Event Title

Does KIAA1946 Mislocalize to Polyglutamine Disease Inclusion Bodies?

Location

CSU Ballroom

Start Date

16-4-2013 10:00 AM

End Date

16-4-2013 12:00 PM

Student's Major

Biological Sciences

Student's College

Science, Engineering and Technology

Mentor's Name

Geoffrey Goellner

Mentor's Department

Biological Sciences

Mentor's College

Science, Engineering and Technology

Description

We are interested in the protein KIAA1946 for a couple of reasons. First it’s novel protein that was recently translated from our genome. This means that there is new information available as far as how this protein is involved in our cellular function. Secondly, the protein contains a region known as a polyQ region. Some of the proteins that contain a region such as this are associated with neurodegenerative diseases, such as Huntington’s and Spinocerebellar Ataxia. This polyQ regain can expand beyond normal lengths leading to the disease state. So KIAA1946 could be associated with a neurodegenerative disease. Spinocerebellar Ataxia is caused by the diseased protein sca7, which has longer than normal polyQ region. In its diseased state sca7 forms inclusion bodies that mislocalize inside the cell. We are interested if our protein of interest KIAA1946, in the presence of sca7 will also mislocalize to these inclusion bodies. We used a process known as immunofluorescent microcopy to observe where the proteins localized. This involves tagging the proteins with an antibody that contains a region that fluoresces when exposed to a certain wavelength of light. We were then able to photograph and observe where the proteins are located. The data has suggested that our protein of interest KIAA1946 does not mislocalize to sca7 inclusion bodies. Our results show that our protein of interest does not cause a disease state in the way sca7 does.

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Apr 16th, 10:00 AM Apr 16th, 12:00 PM

Does KIAA1946 Mislocalize to Polyglutamine Disease Inclusion Bodies?

CSU Ballroom

We are interested in the protein KIAA1946 for a couple of reasons. First it’s novel protein that was recently translated from our genome. This means that there is new information available as far as how this protein is involved in our cellular function. Secondly, the protein contains a region known as a polyQ region. Some of the proteins that contain a region such as this are associated with neurodegenerative diseases, such as Huntington’s and Spinocerebellar Ataxia. This polyQ regain can expand beyond normal lengths leading to the disease state. So KIAA1946 could be associated with a neurodegenerative disease. Spinocerebellar Ataxia is caused by the diseased protein sca7, which has longer than normal polyQ region. In its diseased state sca7 forms inclusion bodies that mislocalize inside the cell. We are interested if our protein of interest KIAA1946, in the presence of sca7 will also mislocalize to these inclusion bodies. We used a process known as immunofluorescent microcopy to observe where the proteins localized. This involves tagging the proteins with an antibody that contains a region that fluoresces when exposed to a certain wavelength of light. We were then able to photograph and observe where the proteins are located. The data has suggested that our protein of interest KIAA1946 does not mislocalize to sca7 inclusion bodies. Our results show that our protein of interest does not cause a disease state in the way sca7 does.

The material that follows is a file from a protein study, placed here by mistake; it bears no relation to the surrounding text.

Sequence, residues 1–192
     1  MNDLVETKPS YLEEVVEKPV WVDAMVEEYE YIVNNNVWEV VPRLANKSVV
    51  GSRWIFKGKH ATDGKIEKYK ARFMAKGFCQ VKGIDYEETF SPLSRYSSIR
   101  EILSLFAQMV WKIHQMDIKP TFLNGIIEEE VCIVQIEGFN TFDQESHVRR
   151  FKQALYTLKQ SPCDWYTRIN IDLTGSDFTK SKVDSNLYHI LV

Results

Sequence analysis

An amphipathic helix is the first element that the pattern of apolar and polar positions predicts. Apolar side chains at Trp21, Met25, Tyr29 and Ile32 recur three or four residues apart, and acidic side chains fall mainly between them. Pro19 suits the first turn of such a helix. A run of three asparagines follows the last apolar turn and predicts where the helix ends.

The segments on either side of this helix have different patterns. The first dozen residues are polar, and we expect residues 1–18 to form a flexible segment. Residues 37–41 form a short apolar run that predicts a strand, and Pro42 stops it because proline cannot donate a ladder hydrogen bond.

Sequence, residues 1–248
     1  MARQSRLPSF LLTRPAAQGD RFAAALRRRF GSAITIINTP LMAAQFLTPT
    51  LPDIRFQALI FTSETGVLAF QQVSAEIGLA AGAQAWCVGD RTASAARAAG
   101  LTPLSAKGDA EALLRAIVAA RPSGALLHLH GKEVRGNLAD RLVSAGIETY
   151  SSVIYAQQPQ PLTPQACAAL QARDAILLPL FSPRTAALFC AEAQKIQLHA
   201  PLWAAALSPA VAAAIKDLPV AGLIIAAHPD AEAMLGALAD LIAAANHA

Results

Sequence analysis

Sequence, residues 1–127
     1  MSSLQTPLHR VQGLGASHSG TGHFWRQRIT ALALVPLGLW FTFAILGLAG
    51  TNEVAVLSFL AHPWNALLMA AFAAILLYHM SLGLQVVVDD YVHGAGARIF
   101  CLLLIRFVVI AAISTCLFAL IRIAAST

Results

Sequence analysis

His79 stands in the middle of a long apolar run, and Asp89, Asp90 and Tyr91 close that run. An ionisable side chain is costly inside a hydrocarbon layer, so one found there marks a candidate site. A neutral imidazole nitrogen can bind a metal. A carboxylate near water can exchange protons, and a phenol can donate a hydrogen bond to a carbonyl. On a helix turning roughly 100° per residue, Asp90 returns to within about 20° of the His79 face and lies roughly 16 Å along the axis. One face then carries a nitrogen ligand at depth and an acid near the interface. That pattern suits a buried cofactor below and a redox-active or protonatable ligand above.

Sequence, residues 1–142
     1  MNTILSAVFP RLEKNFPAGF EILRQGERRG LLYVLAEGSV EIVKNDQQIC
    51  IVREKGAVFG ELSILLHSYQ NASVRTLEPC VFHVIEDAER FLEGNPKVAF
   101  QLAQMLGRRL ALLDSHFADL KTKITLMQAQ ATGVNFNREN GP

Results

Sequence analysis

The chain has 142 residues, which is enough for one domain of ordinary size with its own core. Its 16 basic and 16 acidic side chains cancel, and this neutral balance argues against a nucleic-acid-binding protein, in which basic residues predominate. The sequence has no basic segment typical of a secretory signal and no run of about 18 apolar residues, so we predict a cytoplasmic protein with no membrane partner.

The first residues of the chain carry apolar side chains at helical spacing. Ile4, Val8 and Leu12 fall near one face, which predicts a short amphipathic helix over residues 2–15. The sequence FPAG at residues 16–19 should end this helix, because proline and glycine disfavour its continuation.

Recommended Citation

Gilbert, James. "Does KIAA1946 Mislocalize to Polyglutamine Disease Inclusion Bodies?." Undergraduate Research Symposium, Mankato, MN, April 16, 2013.
http://cornerstone.lib.mnsu.edu/urs/2013/poster-session-A/21